Treatment for contact dermatitis begins with the removal of the irritant. Bathe your Yorkie with a shampoo containing soothing ingredients like oatmeal. Your vet may then prescribe anti-inflammatory medication such as Benadryl. Patch tests may also be prescribed to determine the source of irritation.

Food & medicine

Only a small percentage of allergies are food-related.7 However, new food allergies can pop up despite your pup never having a previous reaction.

Food allergies could trigger skin inflammation in one region or all over the body.4 Additionally, your Yorkie may experience itchy feet or rear-end, hives, facial swelling, ear inflammation, gastrointestinal problems, diarrhea, or gas.

Your vet may make recommendations on diet changes. He or she may also prescribe an elimination diet to determine the source of the allergen.

>> Read more: Yorkie Foods: What They Can Eat & What to Avoid

6. Fleas or mites

Pests such as fleas or mites may be causing irritation to your Yorkie’s skin. 

Fleas are dark brown parasites that feed off of your dog. They can be seen moving quickly on the skin. Flea bites are itchy and you may notice your Yorkie biting, scratching, or over-grooming, which can lead to bald patches on their coat.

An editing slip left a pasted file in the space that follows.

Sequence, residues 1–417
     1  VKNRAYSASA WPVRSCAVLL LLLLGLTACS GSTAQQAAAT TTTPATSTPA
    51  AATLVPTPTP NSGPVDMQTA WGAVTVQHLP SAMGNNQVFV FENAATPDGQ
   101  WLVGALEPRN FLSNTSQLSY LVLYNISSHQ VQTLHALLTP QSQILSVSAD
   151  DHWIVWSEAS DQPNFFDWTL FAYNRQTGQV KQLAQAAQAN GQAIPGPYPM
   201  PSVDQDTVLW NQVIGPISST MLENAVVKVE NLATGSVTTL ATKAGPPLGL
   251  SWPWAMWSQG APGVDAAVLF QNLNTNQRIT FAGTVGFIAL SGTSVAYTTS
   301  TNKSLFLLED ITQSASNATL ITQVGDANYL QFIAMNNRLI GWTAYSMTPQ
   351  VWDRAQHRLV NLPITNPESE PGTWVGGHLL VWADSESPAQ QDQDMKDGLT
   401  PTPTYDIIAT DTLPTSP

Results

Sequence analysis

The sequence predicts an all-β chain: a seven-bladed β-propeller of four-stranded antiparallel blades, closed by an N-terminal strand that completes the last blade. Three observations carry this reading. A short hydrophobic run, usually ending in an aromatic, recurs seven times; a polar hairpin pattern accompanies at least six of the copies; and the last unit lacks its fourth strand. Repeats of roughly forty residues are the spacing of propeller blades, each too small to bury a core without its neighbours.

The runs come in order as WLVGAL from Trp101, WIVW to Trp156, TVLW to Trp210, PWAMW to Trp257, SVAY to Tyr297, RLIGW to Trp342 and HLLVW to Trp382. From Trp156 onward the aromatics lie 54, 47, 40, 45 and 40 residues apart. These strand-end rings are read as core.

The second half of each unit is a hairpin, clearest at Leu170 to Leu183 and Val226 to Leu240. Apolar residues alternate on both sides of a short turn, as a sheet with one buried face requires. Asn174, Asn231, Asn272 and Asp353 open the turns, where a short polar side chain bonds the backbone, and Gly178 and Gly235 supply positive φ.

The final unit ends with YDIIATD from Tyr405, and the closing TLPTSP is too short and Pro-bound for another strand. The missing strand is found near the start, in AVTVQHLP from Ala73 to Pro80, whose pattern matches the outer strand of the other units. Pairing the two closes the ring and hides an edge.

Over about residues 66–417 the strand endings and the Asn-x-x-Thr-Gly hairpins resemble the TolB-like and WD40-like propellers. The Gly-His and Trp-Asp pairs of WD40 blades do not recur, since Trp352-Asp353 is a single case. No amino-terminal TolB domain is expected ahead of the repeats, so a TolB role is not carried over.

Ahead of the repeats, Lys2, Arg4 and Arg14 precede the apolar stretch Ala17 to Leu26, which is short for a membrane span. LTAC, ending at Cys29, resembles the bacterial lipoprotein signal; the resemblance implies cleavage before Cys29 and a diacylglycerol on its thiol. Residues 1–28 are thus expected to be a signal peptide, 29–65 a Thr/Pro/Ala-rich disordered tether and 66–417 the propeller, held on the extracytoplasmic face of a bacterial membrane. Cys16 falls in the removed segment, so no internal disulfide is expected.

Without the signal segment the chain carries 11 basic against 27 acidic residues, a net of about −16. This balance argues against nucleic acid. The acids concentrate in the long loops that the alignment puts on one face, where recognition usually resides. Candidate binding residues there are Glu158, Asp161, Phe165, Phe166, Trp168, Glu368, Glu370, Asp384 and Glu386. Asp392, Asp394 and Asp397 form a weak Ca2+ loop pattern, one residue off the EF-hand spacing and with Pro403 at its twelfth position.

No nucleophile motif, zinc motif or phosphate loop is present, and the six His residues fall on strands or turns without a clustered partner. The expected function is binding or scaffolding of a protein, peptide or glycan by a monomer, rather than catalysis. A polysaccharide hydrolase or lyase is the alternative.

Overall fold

Some dogs may be allergic to proteins in the flea’s saliva, which can cause scabs, rashes, and even more itching. Fleas are, in fact, the number one allergen to dogs.

Yorkie ear mites are also parasites, but have a grayish-white color and look a lot like dandruff. They feed off the dog’s dead skin cells. You can spot mites by their active movement, but unlike fleas, they don’t jump. Mites can cause excessive itching, and your Yorke’s skin can become crusty, scaly, or inflamed. Sometimes this will lead to bald patches on their coat.

Fleas and mites can be deterred with chemical treatments, such as sprays, collars, or tablets. If you prefer a more natural approach, you could try essential oils in sprays, tinctures, or shampoos. It may take more time, attention, and work to use natural methods effectively, but they may be less toxic to your Yorkie. 

As always, talk to your vet before choosing your method.

7. Low humidity

Heated homes during the winter months or climates with low humidity levels can also cause dry, itchy skin for your Yorkie.4 Encourage your Yorkie to drink more water during these months and use a cool-mist humidifier to increase humidity levels.

Also, avoid giving baths too often and use a dog shampoo with fewer chemical irritants and more natural ingredients.

8. Other health issues